More Low Clouds – Part Two

The saga continues !

As offered previously, I needed to rebuild the engine on my blue 1976A GT750 but rather than just do a stock rebuild, I decided to try out a few common modifications in an effort to see what they actually contributed to performance increases.  Comparing performance increases is tricky – looking at the original period sales brochures shows these engines producing a claimed 70 HP, but they don’t say whether that is BHP or WHP, and that makes a big difference.  I’m not suggesting that manufacturers lie, but they do obfuscate. To make it even worse, both terms are often shortened to just ‘HP’ which doesn’t help at all. Add to this differences in readings from different dynamometers (dynos for short) and real life comparisons become tricky.

BHP is ‘brake horse power’ and is measured at the flywheel of the engine and will always be much higher than a measurement taken at the drive wheel due to losses in the transmission and drive train. A dynamometer will measure power at the drive wheel – WHP, and is typically around 13% to 18% less than BHP.   Using 18% as a worst case number, this would indicate that 70 BHP would be around 58 WHP, which actually matches several measured test results I’ve seen. Recall in my original test (see this link) , the reading I got was 55 HP measured at the wheel.

So I added a lift plate (just click on any image for a larger version)  and had the top of the barrels milled by the amount of rise. I also had the head milled to raise the compression and used a thinner head gasket having a 72 mm fire ring. If you measure the stock Suzuki head gaskets, the head gasket fire ring is a 73 mm diameter – that is fine if you are at maximum oversize on the cylinder bores, but wastes available compression otherwise. I ended up with 150 PSI across all three cylinders once the engine was assembled.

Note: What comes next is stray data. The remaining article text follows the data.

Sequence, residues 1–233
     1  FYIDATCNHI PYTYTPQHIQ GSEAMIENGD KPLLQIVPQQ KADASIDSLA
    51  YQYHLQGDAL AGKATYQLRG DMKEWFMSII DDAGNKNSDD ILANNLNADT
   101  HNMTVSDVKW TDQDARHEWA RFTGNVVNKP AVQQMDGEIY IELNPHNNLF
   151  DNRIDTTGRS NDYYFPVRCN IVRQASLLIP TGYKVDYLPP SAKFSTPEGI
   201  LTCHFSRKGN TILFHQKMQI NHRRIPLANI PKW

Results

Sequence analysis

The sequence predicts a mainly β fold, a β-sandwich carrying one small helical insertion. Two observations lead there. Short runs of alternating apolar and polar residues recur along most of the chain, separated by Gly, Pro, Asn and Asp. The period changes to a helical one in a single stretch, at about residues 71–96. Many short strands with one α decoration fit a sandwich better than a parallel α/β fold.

I blanked off the SRIS ports, and as mentioned before did not change the porting, but did spend some time cleaning up rough spots and misalignments in the passageways. For example, with the barrels fitted to the upper crankcase half, I made sure that any edges were smoothed so that they matched.

At the same time, I also matched the inlet boot inside diameter to the block inlet as the factory casting has a large step. You can see the size of the step and the amount of metal to be removed in the photo to the right.

I also decided to use the aluminium water pump gear in place of the stock nylon one – only because I happened to have one as I’m not actually convinced it will make any real difference to performance. It does look nice though !


I did use Suzuki pistons, seals, rods and bearings for the crankshaft rather than after market products. The lift plate was supplied by Cometic Gaskets in the USA along with the special order head gaskets. The machining and crankshaft rebuild was done for me by Joe at RPM Services just south of Calgary.

And on to Part 3 !


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